Nearing Middle-Age? Actions You Can Take Now To Reduce Your Risk Of Dementia
If you're nearing middle-age, now's the time to start thinking about dementia, and how to prevent yourself from developing the debilitating disease. According to statistics, about 47 million people worldwide, suffer from dementia, with over 9 million new cases diagnosed each year. Dementia destroys your cognitive ability, robbing you of your ability to process language,thoughts, and even your memories. Luckily, just because you're aging, doesn't mean you're destined to suffer from dementia. In fact, there are steps you can take right now to help reduce your chances of being diagnosed with the disease.
When you participate in aerobic exercise, your body takes in more oxygen, which is passed through to your brain. Oxygen is essential to proper brain function. If you're not getting sufficient aerobic exercise, you could be robbing your brain of vital oxygen, and increasing your risk of developing dementia later in life. To reduce the risk, and increase the amount of oxygen that gets through to your brain, begin taking walks at least once a day. A leisurely walk around the block, or along the neighborhood walking path, will help keep your body healthy, and your brain alert.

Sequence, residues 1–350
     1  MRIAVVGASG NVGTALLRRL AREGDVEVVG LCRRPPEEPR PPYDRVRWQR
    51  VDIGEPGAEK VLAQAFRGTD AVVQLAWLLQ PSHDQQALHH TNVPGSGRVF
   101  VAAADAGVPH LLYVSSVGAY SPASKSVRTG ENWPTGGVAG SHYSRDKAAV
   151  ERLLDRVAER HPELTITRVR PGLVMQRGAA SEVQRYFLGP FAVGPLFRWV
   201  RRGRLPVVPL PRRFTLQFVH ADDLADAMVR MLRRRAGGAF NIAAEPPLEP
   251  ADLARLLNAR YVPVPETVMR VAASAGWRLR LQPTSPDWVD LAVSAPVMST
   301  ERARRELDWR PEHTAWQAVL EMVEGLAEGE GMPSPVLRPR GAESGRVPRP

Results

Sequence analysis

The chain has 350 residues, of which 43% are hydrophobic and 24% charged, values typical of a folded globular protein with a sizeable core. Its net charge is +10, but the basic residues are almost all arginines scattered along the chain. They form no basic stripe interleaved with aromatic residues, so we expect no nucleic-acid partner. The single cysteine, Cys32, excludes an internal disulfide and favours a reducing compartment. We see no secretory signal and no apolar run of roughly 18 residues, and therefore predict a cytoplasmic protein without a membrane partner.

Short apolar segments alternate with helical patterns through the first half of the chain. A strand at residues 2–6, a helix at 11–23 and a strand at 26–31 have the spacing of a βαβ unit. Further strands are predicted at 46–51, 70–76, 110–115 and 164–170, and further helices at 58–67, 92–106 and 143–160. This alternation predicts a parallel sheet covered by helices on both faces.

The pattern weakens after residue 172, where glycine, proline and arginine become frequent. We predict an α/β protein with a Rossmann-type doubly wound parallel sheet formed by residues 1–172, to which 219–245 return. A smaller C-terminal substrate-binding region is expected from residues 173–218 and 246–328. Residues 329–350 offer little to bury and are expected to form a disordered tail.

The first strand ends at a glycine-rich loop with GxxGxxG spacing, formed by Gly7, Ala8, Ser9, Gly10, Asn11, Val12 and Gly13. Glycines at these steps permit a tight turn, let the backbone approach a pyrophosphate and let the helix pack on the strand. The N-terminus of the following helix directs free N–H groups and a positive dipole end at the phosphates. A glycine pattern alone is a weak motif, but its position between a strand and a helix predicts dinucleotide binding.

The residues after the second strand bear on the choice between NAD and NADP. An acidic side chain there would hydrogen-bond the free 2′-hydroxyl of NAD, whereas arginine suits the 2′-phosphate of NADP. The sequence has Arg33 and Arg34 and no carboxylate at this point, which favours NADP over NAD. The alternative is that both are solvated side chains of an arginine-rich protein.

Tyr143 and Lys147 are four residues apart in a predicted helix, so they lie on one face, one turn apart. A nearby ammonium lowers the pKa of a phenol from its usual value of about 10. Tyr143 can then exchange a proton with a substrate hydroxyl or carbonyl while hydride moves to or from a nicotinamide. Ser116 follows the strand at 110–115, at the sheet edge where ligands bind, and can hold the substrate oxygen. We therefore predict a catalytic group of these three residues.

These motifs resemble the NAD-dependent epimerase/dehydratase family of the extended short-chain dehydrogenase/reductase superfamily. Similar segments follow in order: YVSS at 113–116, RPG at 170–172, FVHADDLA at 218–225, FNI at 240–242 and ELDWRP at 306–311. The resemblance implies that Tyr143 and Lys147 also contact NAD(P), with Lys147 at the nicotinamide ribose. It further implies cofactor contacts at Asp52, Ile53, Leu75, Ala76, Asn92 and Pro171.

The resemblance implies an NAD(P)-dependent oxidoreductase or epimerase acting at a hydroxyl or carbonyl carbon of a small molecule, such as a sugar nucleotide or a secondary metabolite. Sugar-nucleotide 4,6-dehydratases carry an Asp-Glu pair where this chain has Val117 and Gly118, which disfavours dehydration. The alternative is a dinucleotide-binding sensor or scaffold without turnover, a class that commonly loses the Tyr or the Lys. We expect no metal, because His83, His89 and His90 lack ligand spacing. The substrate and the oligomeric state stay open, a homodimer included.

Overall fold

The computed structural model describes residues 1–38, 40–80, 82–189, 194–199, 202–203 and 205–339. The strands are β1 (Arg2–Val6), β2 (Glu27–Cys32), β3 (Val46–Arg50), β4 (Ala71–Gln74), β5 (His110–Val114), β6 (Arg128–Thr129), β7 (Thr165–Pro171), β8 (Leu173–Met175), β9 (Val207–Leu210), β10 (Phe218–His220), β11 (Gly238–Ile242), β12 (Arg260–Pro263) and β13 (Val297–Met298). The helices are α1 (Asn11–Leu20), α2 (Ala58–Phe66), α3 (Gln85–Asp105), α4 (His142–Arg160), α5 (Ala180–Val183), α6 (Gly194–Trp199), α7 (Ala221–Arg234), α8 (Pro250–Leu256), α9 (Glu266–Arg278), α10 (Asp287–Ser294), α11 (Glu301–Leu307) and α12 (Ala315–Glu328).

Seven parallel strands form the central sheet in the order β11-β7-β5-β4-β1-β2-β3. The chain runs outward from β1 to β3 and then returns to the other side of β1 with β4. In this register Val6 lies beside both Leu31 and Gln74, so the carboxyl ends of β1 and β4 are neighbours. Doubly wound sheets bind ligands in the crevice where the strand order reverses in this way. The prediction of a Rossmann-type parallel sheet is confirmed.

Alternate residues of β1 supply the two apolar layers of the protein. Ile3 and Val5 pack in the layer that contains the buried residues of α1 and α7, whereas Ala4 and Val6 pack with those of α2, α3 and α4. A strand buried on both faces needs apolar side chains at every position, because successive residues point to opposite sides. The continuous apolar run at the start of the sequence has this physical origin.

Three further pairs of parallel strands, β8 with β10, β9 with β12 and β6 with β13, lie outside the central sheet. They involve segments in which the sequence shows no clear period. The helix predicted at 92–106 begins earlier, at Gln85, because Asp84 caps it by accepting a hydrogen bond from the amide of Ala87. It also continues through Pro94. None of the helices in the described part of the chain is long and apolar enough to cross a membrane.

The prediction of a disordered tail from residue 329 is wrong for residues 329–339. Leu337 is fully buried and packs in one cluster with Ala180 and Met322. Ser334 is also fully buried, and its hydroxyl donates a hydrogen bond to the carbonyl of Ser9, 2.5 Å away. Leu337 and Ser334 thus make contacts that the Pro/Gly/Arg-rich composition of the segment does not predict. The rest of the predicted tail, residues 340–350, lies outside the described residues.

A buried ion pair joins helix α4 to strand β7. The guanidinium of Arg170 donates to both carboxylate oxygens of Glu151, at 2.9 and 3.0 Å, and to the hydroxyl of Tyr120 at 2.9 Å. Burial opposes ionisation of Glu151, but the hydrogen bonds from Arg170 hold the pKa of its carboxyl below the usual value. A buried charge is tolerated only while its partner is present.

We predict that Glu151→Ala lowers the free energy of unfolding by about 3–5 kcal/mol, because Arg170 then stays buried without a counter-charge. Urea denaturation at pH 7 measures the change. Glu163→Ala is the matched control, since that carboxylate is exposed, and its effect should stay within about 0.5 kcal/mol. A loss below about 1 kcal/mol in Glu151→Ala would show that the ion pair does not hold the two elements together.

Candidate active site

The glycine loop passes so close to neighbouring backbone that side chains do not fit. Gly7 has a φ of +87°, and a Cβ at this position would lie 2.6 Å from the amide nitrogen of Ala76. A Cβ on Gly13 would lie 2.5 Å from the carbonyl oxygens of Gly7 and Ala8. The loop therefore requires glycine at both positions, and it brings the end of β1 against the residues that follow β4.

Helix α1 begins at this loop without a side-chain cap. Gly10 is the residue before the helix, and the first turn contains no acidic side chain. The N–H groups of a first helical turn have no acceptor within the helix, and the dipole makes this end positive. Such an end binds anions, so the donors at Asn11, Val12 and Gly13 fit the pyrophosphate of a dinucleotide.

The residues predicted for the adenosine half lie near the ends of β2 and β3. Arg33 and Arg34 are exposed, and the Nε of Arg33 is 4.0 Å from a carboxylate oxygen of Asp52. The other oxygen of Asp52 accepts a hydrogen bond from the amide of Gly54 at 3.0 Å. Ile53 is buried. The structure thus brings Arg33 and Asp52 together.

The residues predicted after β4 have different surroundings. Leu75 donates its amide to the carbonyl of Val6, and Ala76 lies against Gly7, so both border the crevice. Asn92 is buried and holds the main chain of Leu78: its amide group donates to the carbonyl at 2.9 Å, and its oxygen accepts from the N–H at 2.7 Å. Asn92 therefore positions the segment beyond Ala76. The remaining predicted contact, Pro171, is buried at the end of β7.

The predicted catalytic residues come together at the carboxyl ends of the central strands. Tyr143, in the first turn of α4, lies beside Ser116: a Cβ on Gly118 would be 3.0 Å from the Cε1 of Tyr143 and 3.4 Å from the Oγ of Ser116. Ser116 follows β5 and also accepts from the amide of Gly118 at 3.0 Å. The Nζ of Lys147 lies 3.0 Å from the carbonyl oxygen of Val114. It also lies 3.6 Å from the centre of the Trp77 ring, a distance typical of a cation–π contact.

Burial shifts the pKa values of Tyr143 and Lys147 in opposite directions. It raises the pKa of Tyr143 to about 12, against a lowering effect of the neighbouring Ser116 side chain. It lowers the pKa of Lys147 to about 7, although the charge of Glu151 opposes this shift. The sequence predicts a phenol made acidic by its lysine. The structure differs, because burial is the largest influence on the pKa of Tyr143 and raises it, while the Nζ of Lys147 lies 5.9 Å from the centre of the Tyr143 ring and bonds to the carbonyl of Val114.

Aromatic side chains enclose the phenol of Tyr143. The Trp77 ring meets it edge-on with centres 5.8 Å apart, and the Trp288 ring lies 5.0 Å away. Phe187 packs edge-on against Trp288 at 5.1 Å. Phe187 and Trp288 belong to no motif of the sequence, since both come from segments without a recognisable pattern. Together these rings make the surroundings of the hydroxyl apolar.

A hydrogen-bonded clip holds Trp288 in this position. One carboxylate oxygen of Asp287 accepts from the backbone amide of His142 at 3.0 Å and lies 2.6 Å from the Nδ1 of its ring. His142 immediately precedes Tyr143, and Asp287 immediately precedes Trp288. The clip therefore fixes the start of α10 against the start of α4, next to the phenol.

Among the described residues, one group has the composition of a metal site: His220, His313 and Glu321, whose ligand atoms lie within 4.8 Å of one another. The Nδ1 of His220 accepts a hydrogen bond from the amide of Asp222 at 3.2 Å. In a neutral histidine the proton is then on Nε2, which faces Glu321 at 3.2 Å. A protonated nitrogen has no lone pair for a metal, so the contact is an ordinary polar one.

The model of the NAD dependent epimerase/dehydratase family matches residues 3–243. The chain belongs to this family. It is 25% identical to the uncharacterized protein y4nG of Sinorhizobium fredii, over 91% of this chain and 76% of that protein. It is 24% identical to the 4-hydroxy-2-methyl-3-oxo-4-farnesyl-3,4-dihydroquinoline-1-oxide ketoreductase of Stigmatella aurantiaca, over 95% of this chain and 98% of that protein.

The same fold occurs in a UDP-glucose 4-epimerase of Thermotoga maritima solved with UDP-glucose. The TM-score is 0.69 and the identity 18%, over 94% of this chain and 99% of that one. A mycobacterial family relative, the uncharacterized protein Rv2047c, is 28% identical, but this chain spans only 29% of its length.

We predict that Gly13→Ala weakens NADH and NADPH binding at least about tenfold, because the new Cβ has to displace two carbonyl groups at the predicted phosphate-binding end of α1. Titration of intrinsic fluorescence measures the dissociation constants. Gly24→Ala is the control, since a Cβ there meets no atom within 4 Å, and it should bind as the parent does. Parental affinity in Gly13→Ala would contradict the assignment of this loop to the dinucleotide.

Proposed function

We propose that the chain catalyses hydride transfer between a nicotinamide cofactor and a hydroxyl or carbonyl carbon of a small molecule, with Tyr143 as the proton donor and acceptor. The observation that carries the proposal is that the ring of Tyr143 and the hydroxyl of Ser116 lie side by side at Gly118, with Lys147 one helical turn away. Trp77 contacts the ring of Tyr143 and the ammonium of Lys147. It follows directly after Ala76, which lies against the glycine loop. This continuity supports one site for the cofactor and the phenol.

Watch Your Weight
If you're overweight, you owe it to yourself to start a weight-loss routine. Studies show that obesity increases your risk of developing dementia by 42%. To reduce your risk, talk to your doctor about developing healthy eating habits, and adding daily exercise such as walking to your routine. Start by reducing the amount of processed foods you eat, and increasing your consumption of fruits, vegetables, and protein-rich foods such as eggs, almonds, and chicken breast.
Keep Your Brain Active
When your brain is active, it's continually using its neural pathways, especially when it's learning new things. One of the best ways to ward off dementia, is to participate in activities that require your brain to process new information. You can do that by taking classes at the local college, learning a new hobby, or completing crossword puzzles each night.
Enjoy a Healthy Social Life
If you have a healthy social life, you're protecting yourself against dementia. Holding conversations with friends keeps your brain actively engaged. Making new friends engages your brain even more. If you don't have a healthy social life, get involved in community activities, such as volunteering at a local hospital, or library. As your social circle grows, so will your brain activity.
Don't let the fact that you're getting older determine your risk for developing dementia. Take control of your life, and reduce your risk. Talk to your doctor about other steps you can take to protect yourself from the debilitating effects of dementia.